Tuesday, January 02, 2007

HSR service to O'Hare

Why is it that whenever there is a Chicago weather delay if it's rain or snow, the media is quick to show delayed airline passengers camping out at O'Hare for places such as Milwaukee, Cleveland, Indianapolis, Detroit to name a few.

Just imagine an intercity rail station at O'Hare where passengers can transfer to regularly scheduled HSR service serving destinations throughout the midwest. Why should valuable landing slots be used for a flight to Milwaukee when there are other options.

Another example is from the other side of the pond in London. During a fog disruption which reducted the number of take off and landing slots, British Airways cancelled their short distance flights in favor of long distance flights. Their rational? Passengers could still reach their destinations via the rail system including the EuroStar to Paris and Brussels. Ridership was up over 30% on the chunnel crossing trains and other railroads added trains to increase capacity.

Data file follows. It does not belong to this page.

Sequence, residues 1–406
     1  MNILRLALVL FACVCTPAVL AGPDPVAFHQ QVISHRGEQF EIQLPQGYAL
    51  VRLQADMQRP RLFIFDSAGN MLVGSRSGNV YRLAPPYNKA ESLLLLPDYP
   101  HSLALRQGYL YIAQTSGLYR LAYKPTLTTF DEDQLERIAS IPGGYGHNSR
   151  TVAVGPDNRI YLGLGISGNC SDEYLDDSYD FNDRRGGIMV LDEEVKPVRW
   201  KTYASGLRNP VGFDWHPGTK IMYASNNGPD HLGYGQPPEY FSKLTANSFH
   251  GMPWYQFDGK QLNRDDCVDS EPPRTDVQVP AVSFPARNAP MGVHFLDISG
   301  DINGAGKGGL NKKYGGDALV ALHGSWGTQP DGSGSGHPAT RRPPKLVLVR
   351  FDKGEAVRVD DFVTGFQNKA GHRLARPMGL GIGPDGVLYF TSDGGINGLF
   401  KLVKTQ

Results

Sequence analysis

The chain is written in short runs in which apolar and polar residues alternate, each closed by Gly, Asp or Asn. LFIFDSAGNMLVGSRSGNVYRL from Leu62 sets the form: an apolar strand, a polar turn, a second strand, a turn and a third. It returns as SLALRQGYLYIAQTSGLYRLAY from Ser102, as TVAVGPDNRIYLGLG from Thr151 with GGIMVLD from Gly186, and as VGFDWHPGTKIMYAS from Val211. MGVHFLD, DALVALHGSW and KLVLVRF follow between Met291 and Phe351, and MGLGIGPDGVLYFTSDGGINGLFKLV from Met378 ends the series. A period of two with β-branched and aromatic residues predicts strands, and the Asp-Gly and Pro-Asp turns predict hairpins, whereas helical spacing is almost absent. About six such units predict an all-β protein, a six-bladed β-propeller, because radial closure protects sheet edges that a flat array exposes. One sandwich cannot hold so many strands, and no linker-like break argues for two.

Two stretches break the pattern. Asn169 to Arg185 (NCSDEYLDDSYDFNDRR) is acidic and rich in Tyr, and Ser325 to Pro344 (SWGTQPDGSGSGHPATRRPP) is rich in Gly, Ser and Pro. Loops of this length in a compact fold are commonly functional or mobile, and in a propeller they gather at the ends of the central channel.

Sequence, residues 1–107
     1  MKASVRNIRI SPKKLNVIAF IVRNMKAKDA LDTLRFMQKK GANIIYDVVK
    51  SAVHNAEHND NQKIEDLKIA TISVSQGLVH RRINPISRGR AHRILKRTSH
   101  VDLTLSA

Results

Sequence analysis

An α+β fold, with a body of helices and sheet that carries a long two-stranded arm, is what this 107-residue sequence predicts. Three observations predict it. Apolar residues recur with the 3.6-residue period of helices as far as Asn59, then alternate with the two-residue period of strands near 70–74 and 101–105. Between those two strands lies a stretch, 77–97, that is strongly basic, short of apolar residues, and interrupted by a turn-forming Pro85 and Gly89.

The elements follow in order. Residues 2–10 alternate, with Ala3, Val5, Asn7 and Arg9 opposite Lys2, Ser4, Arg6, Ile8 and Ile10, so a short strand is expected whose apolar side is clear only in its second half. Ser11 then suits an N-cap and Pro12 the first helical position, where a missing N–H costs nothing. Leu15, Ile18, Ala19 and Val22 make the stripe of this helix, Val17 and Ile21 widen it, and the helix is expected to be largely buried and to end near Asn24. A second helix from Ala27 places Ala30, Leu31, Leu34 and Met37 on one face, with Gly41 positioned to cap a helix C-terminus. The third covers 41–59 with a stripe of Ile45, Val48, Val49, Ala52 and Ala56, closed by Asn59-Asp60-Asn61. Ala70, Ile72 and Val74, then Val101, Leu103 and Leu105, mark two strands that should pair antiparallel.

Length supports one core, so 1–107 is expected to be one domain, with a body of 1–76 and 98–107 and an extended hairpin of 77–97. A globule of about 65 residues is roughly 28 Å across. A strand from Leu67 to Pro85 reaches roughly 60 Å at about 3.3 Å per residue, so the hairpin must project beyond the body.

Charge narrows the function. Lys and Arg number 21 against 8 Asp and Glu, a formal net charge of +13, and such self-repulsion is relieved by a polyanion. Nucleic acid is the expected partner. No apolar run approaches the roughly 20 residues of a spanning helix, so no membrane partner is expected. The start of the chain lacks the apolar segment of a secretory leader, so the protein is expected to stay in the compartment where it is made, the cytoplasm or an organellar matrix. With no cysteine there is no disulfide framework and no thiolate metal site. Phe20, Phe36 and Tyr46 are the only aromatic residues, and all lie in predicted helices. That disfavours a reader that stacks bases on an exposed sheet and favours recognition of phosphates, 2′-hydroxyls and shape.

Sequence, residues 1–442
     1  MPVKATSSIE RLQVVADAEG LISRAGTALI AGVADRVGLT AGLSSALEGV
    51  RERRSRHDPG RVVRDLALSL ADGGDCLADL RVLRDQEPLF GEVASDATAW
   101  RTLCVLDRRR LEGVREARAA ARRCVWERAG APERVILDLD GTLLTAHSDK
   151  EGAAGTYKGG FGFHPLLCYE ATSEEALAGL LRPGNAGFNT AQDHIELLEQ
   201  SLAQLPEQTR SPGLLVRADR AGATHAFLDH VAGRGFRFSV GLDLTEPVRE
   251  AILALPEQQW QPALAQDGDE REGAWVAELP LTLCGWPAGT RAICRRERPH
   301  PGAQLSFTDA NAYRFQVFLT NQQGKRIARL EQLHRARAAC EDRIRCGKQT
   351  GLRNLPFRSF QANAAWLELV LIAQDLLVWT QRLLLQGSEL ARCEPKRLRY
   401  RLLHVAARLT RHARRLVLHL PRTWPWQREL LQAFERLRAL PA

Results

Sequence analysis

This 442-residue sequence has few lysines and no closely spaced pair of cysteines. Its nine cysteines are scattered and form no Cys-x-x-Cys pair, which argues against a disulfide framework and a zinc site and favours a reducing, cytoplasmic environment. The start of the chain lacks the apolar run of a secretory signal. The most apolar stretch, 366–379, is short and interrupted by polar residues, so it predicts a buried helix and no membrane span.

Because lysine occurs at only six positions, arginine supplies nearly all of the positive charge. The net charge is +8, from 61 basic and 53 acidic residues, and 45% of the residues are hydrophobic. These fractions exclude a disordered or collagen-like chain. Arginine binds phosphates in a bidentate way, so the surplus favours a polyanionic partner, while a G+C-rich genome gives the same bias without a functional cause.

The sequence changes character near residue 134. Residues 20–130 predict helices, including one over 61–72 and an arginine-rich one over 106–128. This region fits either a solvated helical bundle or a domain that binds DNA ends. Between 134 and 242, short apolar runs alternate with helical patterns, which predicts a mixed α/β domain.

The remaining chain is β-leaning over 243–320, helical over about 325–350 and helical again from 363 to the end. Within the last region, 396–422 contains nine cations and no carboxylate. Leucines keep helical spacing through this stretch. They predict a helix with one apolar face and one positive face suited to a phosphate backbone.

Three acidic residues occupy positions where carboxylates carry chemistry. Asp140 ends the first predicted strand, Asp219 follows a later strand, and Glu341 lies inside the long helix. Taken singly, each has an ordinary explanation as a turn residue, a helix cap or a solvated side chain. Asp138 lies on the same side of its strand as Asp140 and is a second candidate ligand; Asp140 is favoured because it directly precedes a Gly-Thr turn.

Now imagine the potential to have an enhanced rail passenger network in the United States including a rail passenger station at O'Hare.

Why can't we have this in the United States?


Blogger Unknown said...

Apparently, the Milwaukee and Madison flights are the first to get cancelled when weather goes awry or flow control gets invoked. That makes sense, since it frees up slots for destinations which don't have hourly bus service from the airport, but it makes you wonder why those flights are even on the schedule in the first place. United Airlines will sell you a rail ticket on SNCF's TGVs departing CDG, but won't do the same at ORD.

Furthermore, the Milwaukee Road line runs just a few miles east of O'Hare, and the North Central line which runs right by O'Hare can access Milwaukee from the west (via Waukesha) and, naturally, Madison and the Twin Cities. Yet one million passengers a year flew between ORD and MSP, making it ORD's third busiest route. (Full disclosure: I think I accounted for four of those trips last year.)

6:15 PM  

Post a Comment

<< Home